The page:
Although hepatic manifestations of opportunistic infections are now rare, chronic HCV is found in approximately one-third of HIV-infected individuals. The severity of HCV-related liver disease is greater in those with HIV than in those uninfected. Among HIV-HCV-coinfected individuals, advanced immunosuppression has been associated with more severe liver disease, supporting the hypothesis that reversal or prevention of immunosuppression with ART will slow the progression of HCV disease. However, effective ART use may also contribute to liver disease as most protease inhibitors have been associated with metabolic abnormalities, hyperlipidemia, and decreased insulin sensitivity, which themselves have been linked to hepatic steatosis. The objective of this study was to ascertain the prevalence and severity of hepatic steatosis among patients coinfected with HIV and HCV who have been taking antiretroviral therapy (ART); to investigate if steatosis is associated with more advanced liver disease, and to identify factors that might contribute to the process. Steatosis was assessed among a randomly selected subset of HIV-HCV-coinfected patients who had received at least 2 years of ART in a cohort study at the Johns Hopkins University HIV clinic. The results of liver histology were assessed in 112 patients, 74% of whom were taking ART at the time of biopsy. In multivariate analysis, steatosis was independently associated with Caucasian race, weight > 86 kg, hyperglycemia, and stavudine use. Patients with steatosis also were more likely to have greater hepatic fibrosis and necroinflammatory activity. Steatosis was observed in 40% of HIV-HCV-coinfected patients with extensive ART exposure and was associated with more severe HCV-related liver disease. Metabolic abnormalities (excess weight and hyperglycemia) and stavudine use were modifiable risk factors for steatosis in this population. Authors conclude that the disparity between HIV/HCV infected IDUs who are significantly less likely to be eligible for HCV therapy becomes more compelling as the success of HCV therapy increases. The investigators plan further analysis to assess the relationship(s) of clinical and socioeconomic covariates and treatment eligibility. Sulkowski, M.S., Mehta, S.H., Afdhal, N.H., Moore, R.D., Thomas, D.L., Torbenson, M., Brinkley, S., Mirel, L., Chaisson, R.E., Moore, R.D. and Sulkowski, M.S. Hepatic Steatosis and Antiretroviral Drug Use Among Adults Coinfected with HIV and Hepatitis C Virus. AIDS. 19(6), pp. 585-592, March 24, 2005. The critical significance of this work is in defining the burden of liver disease among HCV-infected IDUs, and thereby identify and target medical needs for anti-HCV therapy. Additional data regarding eligibility and actual acceptance of therapy among population groups will yield fundamental information with respect to the delivery of HCV therapy to IDUs. The data supports and expands upon recently published preliminary findings from the study by the authors Mehta, S.H., Thomas, D.L., Torbenson, M., Brinkley, S., Mirel, L., Chaisson, R.E. and Sulkowski, M.S. The Effect of Antiretroviral Therapy on Liver Disease Among Adults with HIV and Hepatitis C Coinfection. Hepatology. 41(1), pp. 123-131, January 2005.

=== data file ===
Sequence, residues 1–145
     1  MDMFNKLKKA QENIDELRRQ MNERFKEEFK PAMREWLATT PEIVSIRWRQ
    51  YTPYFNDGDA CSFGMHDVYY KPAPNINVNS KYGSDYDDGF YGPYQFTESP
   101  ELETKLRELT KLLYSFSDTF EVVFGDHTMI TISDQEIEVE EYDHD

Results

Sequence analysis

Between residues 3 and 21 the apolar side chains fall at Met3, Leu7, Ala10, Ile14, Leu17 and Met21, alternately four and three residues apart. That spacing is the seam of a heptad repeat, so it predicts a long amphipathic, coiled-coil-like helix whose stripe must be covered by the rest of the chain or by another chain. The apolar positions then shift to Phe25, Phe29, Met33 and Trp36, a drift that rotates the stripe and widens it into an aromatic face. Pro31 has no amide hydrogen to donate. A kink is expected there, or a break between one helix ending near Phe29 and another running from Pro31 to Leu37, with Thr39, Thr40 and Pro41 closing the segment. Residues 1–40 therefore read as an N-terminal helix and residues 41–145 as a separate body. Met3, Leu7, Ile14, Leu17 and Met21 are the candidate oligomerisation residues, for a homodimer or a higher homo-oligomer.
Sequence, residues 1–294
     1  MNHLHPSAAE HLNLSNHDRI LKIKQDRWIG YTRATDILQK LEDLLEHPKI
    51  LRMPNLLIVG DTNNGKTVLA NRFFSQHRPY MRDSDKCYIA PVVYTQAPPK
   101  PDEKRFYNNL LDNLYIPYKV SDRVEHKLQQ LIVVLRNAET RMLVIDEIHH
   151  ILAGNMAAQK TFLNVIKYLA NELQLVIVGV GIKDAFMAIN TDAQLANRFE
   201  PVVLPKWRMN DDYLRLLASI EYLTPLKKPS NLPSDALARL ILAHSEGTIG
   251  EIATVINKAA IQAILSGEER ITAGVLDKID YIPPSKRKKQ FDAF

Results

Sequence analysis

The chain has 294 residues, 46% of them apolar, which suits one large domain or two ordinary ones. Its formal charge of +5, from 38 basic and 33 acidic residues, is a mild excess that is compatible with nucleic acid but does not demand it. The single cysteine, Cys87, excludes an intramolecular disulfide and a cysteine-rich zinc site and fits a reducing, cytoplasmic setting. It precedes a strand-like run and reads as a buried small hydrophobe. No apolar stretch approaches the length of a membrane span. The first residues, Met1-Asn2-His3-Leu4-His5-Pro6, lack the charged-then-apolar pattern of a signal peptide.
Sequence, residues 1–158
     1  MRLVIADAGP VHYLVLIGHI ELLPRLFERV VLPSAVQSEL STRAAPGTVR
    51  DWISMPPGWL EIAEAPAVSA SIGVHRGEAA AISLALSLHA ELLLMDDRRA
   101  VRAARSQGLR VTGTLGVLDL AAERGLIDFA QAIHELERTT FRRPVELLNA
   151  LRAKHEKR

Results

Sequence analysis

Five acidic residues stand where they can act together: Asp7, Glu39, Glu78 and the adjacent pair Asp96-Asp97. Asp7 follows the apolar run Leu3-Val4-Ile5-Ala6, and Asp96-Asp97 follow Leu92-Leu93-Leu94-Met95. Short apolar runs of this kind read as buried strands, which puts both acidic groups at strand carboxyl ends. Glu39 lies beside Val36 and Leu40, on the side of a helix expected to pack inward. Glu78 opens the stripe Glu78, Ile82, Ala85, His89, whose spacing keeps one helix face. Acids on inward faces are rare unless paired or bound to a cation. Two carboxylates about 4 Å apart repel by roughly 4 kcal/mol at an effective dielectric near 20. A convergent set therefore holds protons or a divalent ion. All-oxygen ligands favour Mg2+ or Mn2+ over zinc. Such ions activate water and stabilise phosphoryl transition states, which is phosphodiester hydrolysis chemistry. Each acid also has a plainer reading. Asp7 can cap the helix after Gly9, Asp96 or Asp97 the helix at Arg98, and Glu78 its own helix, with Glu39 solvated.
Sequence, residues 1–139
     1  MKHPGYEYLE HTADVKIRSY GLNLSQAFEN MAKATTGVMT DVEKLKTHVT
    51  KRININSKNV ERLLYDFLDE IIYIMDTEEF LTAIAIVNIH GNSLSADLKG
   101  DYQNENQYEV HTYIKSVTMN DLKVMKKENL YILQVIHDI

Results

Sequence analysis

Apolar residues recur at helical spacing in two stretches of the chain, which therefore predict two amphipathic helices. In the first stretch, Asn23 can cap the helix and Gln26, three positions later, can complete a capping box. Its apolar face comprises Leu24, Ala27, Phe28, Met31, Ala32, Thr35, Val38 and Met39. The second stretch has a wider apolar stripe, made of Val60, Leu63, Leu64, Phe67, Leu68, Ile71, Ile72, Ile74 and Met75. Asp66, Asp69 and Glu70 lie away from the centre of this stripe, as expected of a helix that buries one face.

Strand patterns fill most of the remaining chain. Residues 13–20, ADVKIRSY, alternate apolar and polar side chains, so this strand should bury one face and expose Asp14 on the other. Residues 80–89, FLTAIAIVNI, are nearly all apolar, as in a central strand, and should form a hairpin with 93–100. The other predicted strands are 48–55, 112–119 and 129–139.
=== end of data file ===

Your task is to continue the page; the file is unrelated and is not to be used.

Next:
CD8+ Cell Responses to Hepatitis C Virus (HCV) in the Liver of Persons with HCV-HIV Coinfection Versus HCV Monoinfection